1) We are publishing our diversity data. Progress cannot be made without clear measures and transparency about who we are today. Our new study is independent and in depth and is based on the voluntary responses of 305 individuals, which represents over 60% of the agency and reported according to standards set by the British Office of National Statistics (ONS). Research developed in partnership with PSB examines roots, identity, education and lifestyle. It will be measured and shared annually and we are encouraging other agencies to take it up as their methodology.

2) We are launching a cross industry taskforce to identify the barriers to recruitment and retention of talent among ethnic minorities. The first gathering will be chaired by CEO Leo Rayman, and we are inviting leading organisations in this space and the most progressive agencies, including Chairwoman of Mediacom, Karen Blackett, to join us in agreeing industry-wide initiatives and targets. We will also commit to targets for our advertising output, to ensure that it is nationally representative. 

3) We are launching the Valenstein & Fatt Bursary to pay a year’s rent for up to two young people from ethnic minority and disadvantaged backgrounds. To qualify, candidates must have been offered a job at Grey, be state educated and live outside of Greater London. Applications are open from this summer.

4) We will inspire the next generation, by working with 100 primary and secondary schools to introduce students to a career in the creative industries. Working with Exec Head Michelle Williams and education therapist Jodie Cariss and starting with the New Wave Federation primary schools in London’s Hackney, we will offer a tailor made programme for the schools involved, from assemblies to full day workshops, coaching and agency open days.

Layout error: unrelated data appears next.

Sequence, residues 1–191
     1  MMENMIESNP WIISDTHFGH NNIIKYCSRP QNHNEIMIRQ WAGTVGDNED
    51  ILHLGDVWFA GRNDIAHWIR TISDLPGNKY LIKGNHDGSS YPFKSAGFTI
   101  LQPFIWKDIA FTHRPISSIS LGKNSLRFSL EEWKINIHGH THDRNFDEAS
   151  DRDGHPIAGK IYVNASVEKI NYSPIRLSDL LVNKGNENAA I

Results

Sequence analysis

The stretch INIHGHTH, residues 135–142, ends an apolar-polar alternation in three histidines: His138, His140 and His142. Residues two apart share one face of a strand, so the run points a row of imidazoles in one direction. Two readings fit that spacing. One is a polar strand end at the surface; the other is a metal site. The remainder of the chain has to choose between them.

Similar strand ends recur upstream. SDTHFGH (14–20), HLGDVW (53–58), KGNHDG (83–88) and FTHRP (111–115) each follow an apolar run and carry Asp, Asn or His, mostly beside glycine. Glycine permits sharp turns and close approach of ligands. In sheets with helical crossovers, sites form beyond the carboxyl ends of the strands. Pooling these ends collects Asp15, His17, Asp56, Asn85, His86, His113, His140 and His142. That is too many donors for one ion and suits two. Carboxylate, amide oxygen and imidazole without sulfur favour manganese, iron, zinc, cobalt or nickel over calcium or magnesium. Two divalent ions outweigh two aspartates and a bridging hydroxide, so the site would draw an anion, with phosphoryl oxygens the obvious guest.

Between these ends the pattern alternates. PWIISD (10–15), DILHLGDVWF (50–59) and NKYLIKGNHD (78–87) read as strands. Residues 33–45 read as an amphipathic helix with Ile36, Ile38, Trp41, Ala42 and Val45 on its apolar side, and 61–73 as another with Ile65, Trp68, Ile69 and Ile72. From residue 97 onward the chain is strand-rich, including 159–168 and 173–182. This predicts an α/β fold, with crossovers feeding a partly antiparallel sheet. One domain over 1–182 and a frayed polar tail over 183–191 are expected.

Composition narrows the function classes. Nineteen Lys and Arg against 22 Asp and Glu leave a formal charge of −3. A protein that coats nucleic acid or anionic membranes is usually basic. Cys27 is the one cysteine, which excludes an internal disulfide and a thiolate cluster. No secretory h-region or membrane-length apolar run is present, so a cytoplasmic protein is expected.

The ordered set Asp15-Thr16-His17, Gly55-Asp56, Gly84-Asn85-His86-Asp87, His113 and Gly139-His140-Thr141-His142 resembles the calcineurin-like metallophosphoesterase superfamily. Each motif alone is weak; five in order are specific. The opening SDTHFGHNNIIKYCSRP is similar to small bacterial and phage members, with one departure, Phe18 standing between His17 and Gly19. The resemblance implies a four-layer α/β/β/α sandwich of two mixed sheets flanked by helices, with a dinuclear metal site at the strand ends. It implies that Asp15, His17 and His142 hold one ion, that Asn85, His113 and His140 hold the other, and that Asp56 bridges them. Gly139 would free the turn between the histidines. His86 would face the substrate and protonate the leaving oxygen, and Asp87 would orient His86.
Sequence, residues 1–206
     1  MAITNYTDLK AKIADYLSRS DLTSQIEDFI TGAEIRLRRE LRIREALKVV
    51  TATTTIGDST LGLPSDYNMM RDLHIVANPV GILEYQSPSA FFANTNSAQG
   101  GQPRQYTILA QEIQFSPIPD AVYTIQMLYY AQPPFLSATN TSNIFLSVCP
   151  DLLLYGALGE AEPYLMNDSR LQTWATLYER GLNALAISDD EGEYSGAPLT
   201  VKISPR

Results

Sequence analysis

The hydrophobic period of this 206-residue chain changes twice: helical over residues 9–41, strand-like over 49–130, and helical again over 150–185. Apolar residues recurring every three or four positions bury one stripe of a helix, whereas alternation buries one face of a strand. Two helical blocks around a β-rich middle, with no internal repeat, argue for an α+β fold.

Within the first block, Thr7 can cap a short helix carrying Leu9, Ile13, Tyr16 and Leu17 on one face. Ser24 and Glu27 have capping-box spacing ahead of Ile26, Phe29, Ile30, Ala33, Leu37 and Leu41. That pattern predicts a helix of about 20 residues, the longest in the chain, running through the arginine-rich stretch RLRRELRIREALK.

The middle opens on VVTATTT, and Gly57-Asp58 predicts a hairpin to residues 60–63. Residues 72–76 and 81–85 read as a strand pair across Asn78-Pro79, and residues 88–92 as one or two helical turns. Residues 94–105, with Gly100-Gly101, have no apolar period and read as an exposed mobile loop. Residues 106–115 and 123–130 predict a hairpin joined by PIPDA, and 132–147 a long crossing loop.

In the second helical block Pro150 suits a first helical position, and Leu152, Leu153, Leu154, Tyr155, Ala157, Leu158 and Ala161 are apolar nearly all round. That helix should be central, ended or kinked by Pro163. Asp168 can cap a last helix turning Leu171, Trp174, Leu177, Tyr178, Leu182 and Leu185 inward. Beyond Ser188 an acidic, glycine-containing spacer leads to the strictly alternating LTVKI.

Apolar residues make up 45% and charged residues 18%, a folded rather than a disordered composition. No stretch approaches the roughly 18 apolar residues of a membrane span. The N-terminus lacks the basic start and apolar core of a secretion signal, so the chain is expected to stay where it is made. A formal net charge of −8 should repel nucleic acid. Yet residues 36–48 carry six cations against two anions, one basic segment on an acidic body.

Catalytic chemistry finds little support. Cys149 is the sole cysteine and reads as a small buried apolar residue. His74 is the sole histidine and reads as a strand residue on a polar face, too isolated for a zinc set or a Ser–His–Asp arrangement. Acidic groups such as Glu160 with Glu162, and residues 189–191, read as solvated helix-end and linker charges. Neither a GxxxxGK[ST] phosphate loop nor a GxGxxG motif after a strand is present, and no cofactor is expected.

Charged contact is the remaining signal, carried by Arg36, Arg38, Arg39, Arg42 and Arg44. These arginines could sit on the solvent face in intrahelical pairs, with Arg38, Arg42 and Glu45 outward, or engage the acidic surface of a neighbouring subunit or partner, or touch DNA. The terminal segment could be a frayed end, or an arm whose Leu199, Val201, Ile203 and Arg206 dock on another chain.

5) We will develop our diverse talent. Recognising that recruiting people with different start points isn’t enough, 50 individuals identified as ones to watch will be matched and formally mentored by our Executive and senior leadership. In parallel we will run Community mentoring workshops open to any member of the agency who wants to participate.

That’s all fantastic, and it’s lovely to see such an influential agency speak out against prejudice, but I don’t believe they should have done this without 100% committing to a permanent name change. What’s the point otherwise?

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International Women’s Day: Take Your Pussy Anywhere You Want

Ad agency Invisible Man created this short video for International Women’s Day, specifically for the strike A Day Without a Woman. Arranged by those who organised the march for the Women’s March on Washington, D.C., the strike is in support of the human rights of women and all gender-oppressed people, through a one-day strike of economic equity.
The short ad states “Take your pussy anywhere you want. Just don’t take it to work” – due to the pay gap between men and women, human rights activists demonstrated March 8th as a day where women should strike from working if they aren’t going to be paid the same as their male colleagues.

This message is brought to you by a group of creative people who feel strongly that women’s rights are human rights. We believe in using our powers for good and support the efforts of every group trying to make the world a safer and more equitable place for women and girls.

P.S. We also think it’s high time women reclaim the power of a certain word for themselves.

I can’t help but see a nod towards Trump’s “grab her by the pussy” remarks, which works so well as double entendre for someone being paid less just because of what’s in between their legs.